They don't understand how dehumanizing it strikes a normal person to treat a child as merely a yuppie-in-training, while ignoring anything about their personality, their interests, their hobbies, their social relations, and so on. Or perhaps those humanizing aspects are being prevented from developing in the first place, lest they get in the way of the proto-yuppie production process. Either way, it makes these obituaries awkward to read.
In fact, the only people quoted who do not refer to the slain victims as just promising cogs in a status-striving machine are their fellow age-mates -- other students, siblings or cousins, and neighborhood friends.
This contrast between the profane programmers and the respectful peers is starkest in the entry for Carmen Schentrup:
Carmen was a National Merit Scholar semifinalist.
"Marjory Stoneman Douglas had 10 students qualify as semifinalists for 2018, which is the second year in a row 10 students have qualified," the Eagle Eye student blog said.
Carmen was mourned in the community and on social media.
"Rest In Peace Carmen Schentrup," one tweet said. "You family is forever in my thoughts and prayers. I'm so sorry."
Anticipating fierce competition, this obit opens immediately with a knockout punch -- National Merit semifinalist, think you can compete with that? I'm surprised these obits didn't list "GPA" and "SAT score" along with their name and age in the headers.
In an even more disgusting profanation, it quotes a student blog post that brags about how well the school does in the National Merit competition. In this context, it comes across as crass and tone-deaf; however, it is actually a post from last fall, not one written in response to the mass murder. But the writers here just couldn't help it -- not even something sacred like an obituary could stop them from quoting standard PR bragging from today's hyper-competitive education system.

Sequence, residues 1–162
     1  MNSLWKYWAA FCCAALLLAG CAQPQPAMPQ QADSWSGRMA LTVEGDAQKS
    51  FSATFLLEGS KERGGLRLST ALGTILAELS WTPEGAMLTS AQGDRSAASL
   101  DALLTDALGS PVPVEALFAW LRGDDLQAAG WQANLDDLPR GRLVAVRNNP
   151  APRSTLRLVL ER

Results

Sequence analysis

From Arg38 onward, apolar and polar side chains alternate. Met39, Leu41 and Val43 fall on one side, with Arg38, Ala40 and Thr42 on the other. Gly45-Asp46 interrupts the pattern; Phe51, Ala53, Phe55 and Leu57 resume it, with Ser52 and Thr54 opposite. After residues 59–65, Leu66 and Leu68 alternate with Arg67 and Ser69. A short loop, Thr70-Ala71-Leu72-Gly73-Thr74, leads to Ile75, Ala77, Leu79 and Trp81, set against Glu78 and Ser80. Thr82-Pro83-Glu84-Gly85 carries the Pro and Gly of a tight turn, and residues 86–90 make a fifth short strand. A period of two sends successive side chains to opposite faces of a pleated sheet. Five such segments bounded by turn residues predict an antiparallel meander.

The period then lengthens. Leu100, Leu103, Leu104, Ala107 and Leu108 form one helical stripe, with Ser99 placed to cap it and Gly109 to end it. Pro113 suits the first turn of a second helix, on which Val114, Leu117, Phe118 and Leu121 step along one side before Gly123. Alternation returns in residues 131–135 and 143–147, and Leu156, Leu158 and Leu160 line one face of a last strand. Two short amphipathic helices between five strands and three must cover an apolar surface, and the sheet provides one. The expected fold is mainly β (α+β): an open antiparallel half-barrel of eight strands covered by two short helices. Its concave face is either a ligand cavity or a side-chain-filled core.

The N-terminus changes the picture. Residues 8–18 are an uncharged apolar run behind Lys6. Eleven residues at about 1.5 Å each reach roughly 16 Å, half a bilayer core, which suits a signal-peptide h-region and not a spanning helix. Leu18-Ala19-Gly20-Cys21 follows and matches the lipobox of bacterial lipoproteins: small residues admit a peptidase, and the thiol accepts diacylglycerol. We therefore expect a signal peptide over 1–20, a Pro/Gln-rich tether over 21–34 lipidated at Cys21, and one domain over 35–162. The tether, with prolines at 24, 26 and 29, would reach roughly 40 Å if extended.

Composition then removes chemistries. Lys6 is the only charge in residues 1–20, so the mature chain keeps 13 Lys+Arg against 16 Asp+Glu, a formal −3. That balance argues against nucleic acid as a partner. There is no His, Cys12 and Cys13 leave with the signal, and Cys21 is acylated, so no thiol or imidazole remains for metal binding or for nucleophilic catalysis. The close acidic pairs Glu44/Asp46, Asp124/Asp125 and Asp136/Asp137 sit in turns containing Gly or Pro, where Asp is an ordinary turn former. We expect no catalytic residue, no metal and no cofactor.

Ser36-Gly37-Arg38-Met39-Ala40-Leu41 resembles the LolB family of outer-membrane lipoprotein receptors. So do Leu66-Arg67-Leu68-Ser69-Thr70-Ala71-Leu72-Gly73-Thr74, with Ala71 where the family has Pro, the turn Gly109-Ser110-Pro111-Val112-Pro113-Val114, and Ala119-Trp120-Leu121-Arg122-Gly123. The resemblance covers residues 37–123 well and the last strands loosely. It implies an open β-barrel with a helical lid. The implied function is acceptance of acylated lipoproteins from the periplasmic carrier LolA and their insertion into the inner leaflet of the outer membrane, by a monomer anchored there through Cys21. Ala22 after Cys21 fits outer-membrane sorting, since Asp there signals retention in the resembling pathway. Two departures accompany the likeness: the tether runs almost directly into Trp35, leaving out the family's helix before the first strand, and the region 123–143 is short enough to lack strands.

The connotation is that the victim was only worth something in this world to the extent that she helped rack up a high score for her striver factory in the industry-wide awards for striver production -- without her, there is now one fewer National Merit semifinalist for the school to boast about in its marketing copy. That bastard with the AR-15 ought to be sued into replacing her with another National Merit semifinalist, it's the only way true justice can be served.
Nicholas Dworet's obit ups the ante by declaring that he's already been accepted to college, which it name-drops, and announcing that he was in fact recruited for the swim team, unlike the less competitive applicants who have to beg colleges for admission.
The sole person quoted is from that university -- which he didn't even get to attend, and who therefore knows nothing about him and has no connection to him whatsoever. It's purely to vouch for the student's promising college prospects, to clarify that he wasn't a loser in the striver competition. Oh, and it's the university president, not some low-ranking staffer, who writes this posthumous letter of recommendation to future employers from The Beyond.
For the striver adults commemorating him, nothing else mattered. Not even joking, here it is in its entirety:
Nicholas, a 17-year-old senior, was killed in the shooting, the University of Indianapolis confirmed. He was recruited for the university swim team and would have been an incoming freshman this fall.
"Nick's death is a reminder that we are connected to the larger world, and when tragedy hits in places around the world, it oftentimes affects us at home," said Robert L. Manuel, University of Indianapolis president.